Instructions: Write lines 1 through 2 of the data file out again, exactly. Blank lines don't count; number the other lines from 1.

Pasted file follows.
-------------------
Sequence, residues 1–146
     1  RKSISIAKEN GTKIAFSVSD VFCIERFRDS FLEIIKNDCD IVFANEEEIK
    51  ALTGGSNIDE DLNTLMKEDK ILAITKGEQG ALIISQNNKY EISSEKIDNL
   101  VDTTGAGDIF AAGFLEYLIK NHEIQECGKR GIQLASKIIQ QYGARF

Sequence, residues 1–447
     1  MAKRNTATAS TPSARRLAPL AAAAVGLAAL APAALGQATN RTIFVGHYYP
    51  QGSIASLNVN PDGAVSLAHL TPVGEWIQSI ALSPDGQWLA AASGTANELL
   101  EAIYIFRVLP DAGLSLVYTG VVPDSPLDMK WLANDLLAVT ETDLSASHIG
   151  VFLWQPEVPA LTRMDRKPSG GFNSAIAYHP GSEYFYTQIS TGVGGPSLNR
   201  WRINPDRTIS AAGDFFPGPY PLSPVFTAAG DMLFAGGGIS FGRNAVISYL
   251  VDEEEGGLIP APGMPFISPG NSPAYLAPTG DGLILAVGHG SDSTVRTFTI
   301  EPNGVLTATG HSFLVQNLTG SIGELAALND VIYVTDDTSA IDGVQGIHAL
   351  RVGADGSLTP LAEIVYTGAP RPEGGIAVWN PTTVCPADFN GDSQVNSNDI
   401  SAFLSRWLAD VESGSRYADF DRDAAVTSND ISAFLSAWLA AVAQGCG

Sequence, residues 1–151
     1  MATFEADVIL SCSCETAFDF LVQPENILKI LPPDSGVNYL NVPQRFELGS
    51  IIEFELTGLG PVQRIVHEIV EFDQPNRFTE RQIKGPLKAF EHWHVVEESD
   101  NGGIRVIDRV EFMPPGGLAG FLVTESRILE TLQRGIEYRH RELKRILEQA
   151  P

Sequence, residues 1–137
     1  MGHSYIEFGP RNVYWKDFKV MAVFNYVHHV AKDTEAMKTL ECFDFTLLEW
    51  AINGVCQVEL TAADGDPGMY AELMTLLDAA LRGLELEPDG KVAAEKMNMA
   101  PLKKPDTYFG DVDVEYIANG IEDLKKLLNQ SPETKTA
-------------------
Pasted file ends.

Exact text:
Sequence, residues 1–146
     1  RKSISIAKEN GTKIAFSVSD VFCIERFRDS FLEIIKNDCD IVFANEEEIK